September 2007

4-Inch .44 Magnum/Special Revolvers: Ruger Redhawk Wins

We thought the Redhawk was the best in this test by virtue of its accuracy and easy shooting. S&Wís 629 gets an ďFĒ for mechanical problems. The Taurus 444MULTI needed tweaking.

When new revolvers are introduced, they donít get the fanfare afforded the latest semi-auto. Thatís why you might have missed out on the latest crop of big-bore wheelguns.

In this test we will try to make up for it by pitting two steel-framed forty-fours against an ultra-lightweight revolver of the same caliber ó Taurusís 444MULTI, $666 ó that could make carrying a bigger gun more inviting. The stainless-steel guns are the $916 Smith & Wesson Model 629 No. 163603 and Rugerís $780 Redhawk KRH-444.

[IMGCAP(1)]If there is any comparison to be drawn between these revolvers and the world of semi-automatic pistols, it is perhaps the appeal of the big bullet. The small-bore high-capacity frenzy seems to have abated, and now it seems that every manufacturer is making a 45-caliber pistol. With the release of more .44s, revolver makers may also be saying when capacity is limited, why not chamber a larger caliber? But when that thinking includes .44 Magnum/.44 Special ammo, two important questions remain: Will the Magnum ammunition prove too punishing?, and will the .44 Specials be accurate enough?

To answer these questions we tested from a distance of 25 yards with two loads of .44 Remington Magnum and two loads of .44 S&W Special. They were 240-grain Federal Fusion .44 Magnum No. F44FS1, 240-grain American Eagle .44 Magnum jacketed hollow points No. AE44A, 200-grain Winchester .44 Special Silvertip HP No. X44STHPS2, and Winchesterís 246-grain lead roundnose ammunition No. X44SP.

Before testing each gun, we lubricated it with BreakFree CLP. Lubrication points on the revolvers were the barrel and chamber bores, the ratchet lugs, and the bushing in front of the cylinder. We also pulled back the hammer and placed a few drops of oil inside the frame. Whenever we transitioned from the Special to the Magnum loads, we scrubbed inside each chamber. This is because the shorter Special rounds can deposit debris at the hotspot where the tip of each case empties into the chambers. A buildup of debris can reduce the volume of the chamber and increase pressure. In extreme conditions, such as when it becomes necessary to push the longer magnum rounds into place, the extra pressure can be dangerous.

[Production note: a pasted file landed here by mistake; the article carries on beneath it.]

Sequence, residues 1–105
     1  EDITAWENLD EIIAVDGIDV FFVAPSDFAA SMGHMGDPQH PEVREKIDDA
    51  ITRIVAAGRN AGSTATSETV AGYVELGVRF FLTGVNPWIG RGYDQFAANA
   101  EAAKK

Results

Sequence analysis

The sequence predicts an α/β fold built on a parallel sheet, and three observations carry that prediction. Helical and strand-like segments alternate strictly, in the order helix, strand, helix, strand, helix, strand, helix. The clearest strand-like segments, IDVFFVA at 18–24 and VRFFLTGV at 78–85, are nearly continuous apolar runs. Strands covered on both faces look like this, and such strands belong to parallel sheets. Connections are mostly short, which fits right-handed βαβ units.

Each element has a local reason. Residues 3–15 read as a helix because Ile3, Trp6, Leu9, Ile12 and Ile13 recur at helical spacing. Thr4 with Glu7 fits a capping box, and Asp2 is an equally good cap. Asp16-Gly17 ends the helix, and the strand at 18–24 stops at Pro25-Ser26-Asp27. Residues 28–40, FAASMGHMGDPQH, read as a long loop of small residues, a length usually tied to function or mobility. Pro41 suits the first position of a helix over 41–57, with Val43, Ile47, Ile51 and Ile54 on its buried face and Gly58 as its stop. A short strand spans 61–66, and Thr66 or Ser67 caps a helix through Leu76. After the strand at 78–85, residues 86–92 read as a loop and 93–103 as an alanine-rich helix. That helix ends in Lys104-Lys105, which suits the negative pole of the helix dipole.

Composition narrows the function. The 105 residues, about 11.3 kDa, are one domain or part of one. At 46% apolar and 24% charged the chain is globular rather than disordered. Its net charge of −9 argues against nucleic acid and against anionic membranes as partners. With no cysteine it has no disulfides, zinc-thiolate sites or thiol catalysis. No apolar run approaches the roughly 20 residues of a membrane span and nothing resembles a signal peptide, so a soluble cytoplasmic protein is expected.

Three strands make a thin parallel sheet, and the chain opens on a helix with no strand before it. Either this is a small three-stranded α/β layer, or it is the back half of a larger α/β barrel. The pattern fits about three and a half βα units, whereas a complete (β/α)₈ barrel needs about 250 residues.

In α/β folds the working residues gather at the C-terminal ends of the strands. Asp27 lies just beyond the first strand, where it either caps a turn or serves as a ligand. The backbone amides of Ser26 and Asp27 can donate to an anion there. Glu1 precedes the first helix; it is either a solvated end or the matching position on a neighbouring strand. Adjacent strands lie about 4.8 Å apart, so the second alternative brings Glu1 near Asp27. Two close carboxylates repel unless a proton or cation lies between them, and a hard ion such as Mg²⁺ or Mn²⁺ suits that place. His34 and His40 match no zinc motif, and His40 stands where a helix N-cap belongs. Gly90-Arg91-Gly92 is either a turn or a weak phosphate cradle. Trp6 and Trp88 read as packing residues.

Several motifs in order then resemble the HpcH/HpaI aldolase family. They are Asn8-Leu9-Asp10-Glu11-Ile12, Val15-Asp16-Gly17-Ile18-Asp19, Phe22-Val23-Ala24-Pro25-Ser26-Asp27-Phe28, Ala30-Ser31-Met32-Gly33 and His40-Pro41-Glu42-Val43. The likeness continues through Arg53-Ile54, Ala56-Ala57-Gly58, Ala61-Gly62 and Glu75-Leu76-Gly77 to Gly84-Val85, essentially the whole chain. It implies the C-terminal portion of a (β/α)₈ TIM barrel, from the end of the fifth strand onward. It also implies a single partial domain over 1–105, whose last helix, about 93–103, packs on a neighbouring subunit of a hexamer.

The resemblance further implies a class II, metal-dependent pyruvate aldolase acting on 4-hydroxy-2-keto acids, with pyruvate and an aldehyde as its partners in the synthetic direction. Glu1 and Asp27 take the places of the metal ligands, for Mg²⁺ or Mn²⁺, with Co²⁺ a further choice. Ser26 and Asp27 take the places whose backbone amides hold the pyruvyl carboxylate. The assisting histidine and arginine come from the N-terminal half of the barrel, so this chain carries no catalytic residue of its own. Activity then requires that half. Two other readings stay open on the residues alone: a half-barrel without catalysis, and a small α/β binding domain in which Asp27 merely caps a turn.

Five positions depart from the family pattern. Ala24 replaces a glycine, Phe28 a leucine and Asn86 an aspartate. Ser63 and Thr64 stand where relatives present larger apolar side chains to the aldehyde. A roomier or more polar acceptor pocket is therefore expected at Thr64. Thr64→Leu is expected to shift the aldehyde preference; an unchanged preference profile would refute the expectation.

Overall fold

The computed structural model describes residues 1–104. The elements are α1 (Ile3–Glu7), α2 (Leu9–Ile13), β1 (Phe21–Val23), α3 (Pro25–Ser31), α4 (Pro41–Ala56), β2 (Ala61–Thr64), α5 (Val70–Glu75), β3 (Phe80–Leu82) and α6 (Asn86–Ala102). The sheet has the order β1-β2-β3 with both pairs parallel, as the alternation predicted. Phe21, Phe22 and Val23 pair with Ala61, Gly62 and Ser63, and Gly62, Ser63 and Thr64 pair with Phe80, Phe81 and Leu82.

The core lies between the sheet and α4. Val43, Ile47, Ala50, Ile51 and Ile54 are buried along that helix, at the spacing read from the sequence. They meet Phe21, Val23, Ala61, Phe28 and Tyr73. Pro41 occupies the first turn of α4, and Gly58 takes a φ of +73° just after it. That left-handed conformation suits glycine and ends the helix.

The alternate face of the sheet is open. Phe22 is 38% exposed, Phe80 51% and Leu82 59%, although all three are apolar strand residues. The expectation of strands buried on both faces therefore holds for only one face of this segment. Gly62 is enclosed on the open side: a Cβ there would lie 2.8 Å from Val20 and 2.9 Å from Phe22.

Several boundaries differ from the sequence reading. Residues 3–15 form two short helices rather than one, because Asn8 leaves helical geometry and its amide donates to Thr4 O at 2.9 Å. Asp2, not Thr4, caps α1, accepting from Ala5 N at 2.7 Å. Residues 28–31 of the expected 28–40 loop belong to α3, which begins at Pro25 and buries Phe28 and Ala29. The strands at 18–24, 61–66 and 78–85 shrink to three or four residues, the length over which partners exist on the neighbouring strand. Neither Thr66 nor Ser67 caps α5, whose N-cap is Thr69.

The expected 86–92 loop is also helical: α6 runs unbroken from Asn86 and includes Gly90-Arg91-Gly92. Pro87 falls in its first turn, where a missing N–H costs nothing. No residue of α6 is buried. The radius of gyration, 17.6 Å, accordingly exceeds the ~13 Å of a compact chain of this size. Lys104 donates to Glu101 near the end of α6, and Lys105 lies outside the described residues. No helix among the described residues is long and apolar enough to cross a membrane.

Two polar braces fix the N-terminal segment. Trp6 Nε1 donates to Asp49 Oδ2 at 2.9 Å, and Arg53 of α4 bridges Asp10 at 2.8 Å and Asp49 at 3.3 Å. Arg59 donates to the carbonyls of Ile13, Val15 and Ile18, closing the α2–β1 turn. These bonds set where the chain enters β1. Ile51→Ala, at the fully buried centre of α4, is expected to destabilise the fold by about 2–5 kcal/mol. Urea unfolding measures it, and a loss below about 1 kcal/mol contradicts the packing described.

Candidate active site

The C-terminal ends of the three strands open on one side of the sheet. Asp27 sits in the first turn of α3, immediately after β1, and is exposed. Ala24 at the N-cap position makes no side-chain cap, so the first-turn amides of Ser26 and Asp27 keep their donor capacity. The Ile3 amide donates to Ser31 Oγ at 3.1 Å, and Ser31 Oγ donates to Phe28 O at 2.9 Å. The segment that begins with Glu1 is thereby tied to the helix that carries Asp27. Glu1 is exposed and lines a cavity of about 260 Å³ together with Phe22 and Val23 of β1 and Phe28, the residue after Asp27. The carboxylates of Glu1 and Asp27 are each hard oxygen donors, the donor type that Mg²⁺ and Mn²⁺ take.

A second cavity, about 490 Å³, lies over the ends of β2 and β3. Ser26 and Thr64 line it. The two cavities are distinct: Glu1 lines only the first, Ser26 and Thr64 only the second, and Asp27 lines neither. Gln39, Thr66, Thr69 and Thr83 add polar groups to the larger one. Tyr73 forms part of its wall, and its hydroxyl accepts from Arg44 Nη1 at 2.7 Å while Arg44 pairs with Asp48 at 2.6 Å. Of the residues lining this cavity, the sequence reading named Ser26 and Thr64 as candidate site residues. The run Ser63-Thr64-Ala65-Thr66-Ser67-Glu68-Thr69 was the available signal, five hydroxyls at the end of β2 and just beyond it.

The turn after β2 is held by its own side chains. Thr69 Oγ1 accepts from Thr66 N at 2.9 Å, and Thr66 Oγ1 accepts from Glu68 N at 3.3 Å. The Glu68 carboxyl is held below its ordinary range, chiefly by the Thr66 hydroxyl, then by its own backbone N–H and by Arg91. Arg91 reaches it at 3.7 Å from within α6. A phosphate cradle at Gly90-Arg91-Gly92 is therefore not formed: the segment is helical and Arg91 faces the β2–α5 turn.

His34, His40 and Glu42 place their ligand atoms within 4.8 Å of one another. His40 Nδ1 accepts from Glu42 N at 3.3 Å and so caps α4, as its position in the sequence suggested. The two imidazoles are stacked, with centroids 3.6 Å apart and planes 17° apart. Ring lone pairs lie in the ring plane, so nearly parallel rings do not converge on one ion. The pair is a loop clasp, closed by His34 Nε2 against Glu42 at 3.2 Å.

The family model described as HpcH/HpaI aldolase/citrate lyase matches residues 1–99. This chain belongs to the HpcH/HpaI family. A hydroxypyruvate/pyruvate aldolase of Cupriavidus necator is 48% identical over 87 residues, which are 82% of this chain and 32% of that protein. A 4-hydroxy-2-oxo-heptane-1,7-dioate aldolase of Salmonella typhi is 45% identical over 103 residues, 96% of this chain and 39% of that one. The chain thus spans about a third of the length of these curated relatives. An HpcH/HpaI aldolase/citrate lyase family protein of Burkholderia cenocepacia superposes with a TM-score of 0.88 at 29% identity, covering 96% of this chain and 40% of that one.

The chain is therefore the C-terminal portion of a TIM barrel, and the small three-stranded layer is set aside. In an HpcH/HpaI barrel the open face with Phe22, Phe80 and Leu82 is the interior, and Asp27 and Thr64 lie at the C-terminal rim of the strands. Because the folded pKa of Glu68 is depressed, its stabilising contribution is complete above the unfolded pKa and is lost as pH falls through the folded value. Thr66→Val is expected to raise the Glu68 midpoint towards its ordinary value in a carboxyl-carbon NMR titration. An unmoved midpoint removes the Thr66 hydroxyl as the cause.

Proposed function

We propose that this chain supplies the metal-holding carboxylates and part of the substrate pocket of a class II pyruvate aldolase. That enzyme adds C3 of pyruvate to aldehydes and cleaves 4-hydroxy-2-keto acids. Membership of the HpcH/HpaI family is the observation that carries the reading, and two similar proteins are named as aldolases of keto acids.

To collect accuracy data, all shots from the bench were fired single action only from a distance of 25 yards. Repeat fire was tested using the double-action trigger at shorter distances. We didnít expect to be able to shoot the magnum ammunition quickly, but we wondered about the .44 Special loads. Was there enough stopping power from each round to justify a shorter recovery time between each shot? Letís see how our six shooters measured up.

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